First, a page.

In 1959, Truman Capote learns of the murder of a Kansas family and decides to write a book about the case. While researching for his novel In Cold Blood, Capote forms a relationship with one of the killers, Perry Smith, who is on death row.
Philip Seymour Hoffman,
Clifton Collins Jr.,
When two brothers organize the robbery of their parent's jewelry store the job goes horribly wrong, triggering a series of events that sends them, their father and one brother's wife hurtling towards a shattering climax.
Philip Seymour Hoffman,
Journalist Gary Webb, California 1996, started investigating CIA's role in the 1980s in getting crack cocaine to the black part of LA to get money and weapons to the Contras/freedom fighters in Nicaragua.
Bob Saginowski finds himself at the center of a robbery gone awry and entwined in an investigation that digs deep into the neighborhood's past where friends, families, and foes all work together to make a living - no matter the cost.
When a half-Chechen, half-Russian, brutally tortured immigrant turns up in Hamburg's Islamic community, laying claim to his father's ill gotten fortune, both German and US security agencies take a close interest: as the clock ticks down and the stakes rise, the race is on to establish this most wanted man's true identity - oppressed victim or destruction-bent extremist? Based on John le Carré's novel, A MOST WANTED MAN is a contemporary, cerebral tale of intrigue, love, rivalry, and politics that prickles with tension right through to its last heart-stopping scene.Written by
According to the movie's official website, the film's source novelist "John le Carré first came to know Hamburg during the Cold War years of the early 1960s, when he was posted there as Political Consul while working for the British government, and returned there more recently to research and write A Most Wanted Man." See more »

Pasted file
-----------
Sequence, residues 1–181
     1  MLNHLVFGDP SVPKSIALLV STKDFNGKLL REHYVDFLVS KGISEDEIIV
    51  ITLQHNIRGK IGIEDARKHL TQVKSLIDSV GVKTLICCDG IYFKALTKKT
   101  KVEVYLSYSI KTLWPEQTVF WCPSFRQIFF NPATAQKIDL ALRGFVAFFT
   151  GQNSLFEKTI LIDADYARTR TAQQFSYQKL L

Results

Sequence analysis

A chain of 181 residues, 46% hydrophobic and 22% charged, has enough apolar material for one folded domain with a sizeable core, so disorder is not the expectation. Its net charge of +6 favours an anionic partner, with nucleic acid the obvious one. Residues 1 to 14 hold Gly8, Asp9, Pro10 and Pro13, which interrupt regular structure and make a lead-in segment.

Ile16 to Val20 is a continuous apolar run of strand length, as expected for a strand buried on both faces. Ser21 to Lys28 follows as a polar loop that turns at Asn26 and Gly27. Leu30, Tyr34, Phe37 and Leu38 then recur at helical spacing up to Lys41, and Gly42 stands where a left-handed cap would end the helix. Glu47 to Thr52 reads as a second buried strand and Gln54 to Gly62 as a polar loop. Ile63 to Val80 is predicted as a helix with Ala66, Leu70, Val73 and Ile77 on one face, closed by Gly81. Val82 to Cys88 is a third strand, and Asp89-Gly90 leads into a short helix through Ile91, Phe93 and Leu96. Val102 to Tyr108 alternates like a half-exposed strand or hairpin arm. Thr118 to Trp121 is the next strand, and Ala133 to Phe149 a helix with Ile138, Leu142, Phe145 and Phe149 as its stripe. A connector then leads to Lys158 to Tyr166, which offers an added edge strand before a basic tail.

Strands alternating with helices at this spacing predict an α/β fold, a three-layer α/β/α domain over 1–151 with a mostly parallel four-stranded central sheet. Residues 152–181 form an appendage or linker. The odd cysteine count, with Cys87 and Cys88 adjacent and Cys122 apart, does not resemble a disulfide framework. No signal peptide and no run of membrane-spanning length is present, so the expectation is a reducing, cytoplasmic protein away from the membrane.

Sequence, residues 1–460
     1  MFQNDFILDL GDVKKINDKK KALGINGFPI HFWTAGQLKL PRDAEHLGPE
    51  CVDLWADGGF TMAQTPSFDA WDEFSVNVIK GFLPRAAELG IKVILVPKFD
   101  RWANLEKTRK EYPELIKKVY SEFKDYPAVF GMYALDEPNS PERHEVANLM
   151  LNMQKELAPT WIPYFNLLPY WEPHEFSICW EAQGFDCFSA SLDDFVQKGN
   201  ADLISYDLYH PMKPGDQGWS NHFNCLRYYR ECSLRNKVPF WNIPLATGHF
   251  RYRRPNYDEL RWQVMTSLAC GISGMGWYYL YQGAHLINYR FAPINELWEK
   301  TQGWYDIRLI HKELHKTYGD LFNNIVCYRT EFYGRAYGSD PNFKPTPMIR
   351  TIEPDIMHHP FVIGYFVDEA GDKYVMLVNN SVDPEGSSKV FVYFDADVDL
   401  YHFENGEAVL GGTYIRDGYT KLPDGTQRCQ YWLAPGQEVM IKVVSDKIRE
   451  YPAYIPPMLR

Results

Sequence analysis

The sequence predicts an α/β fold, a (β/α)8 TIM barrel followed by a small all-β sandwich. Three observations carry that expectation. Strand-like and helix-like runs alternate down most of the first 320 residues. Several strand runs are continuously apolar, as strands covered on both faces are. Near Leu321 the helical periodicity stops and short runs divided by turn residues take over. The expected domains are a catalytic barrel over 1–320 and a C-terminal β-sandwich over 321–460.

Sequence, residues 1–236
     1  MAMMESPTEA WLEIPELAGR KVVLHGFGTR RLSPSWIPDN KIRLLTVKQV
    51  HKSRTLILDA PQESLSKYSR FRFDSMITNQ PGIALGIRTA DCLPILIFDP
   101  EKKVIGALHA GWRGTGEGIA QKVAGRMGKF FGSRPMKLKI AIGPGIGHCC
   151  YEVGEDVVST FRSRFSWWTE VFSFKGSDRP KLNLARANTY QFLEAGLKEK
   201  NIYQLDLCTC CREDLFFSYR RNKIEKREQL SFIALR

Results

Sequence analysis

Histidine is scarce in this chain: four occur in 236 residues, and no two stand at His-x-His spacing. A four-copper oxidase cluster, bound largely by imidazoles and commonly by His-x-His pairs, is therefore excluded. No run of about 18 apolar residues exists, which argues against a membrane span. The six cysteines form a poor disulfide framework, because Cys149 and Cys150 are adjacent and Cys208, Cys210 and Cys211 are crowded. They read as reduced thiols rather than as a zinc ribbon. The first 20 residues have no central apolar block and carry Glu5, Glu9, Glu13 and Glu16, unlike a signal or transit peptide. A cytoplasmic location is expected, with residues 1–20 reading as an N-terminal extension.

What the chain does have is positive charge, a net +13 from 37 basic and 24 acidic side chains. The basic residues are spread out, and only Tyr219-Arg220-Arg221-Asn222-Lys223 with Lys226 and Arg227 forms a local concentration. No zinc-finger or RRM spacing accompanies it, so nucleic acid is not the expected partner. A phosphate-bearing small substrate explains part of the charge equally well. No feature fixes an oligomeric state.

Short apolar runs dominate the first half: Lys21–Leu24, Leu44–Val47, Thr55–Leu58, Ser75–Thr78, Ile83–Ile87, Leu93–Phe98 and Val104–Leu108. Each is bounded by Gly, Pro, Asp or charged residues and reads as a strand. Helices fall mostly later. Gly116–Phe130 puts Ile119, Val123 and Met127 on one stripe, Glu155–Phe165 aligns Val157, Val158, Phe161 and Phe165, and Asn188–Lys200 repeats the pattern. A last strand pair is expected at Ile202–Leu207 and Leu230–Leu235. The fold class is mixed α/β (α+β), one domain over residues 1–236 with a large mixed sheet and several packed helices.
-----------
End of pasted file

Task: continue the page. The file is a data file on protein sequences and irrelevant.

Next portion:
Both the folder and the file card associated with the safe-deposit box indicate that it is number 3148, but Brue reads the number aloud as 3448, and that is also how the English subtitle identifies the box number. See more »
The final moments of Anton Corbijn's latest film A Most Wanted Man are both gratifying and poetic. Starring an impeccable cast that includes the late Philip Seymour Hoffman, Rachel McAdams, Willem Dafoe, and Robin Wright, the film is based on the novel by John le Carré, and is a tension-driven and smartly paced thriller ride that makes a mark as one of the year's best rides.
A movie that is more in the vein of an extended episode of "Homeland" than a full-out feature (which is not exactly an insult), is tightly wound, fish hooking the audience with its clever storytelling abilities. Corbijn creates a meticulous and subtle picture that unravels itself with suspense and excitement. The movie challenges the audience in attempting to follow each detail and fully understand what is going on. That might be a turn off to many. Like many of Carré's books that have been translated to film like Tinker, Tailor, Soldier, Spy and The Constant Gardener, there's an aura that exudes from the screen that you want to take home with you. There's so much to the story that happens before the film and starts and long after the movie ends but you're satisfied with that. Adapted by Andrew Bovell, the Australian screenwriter may have penned the film of his career.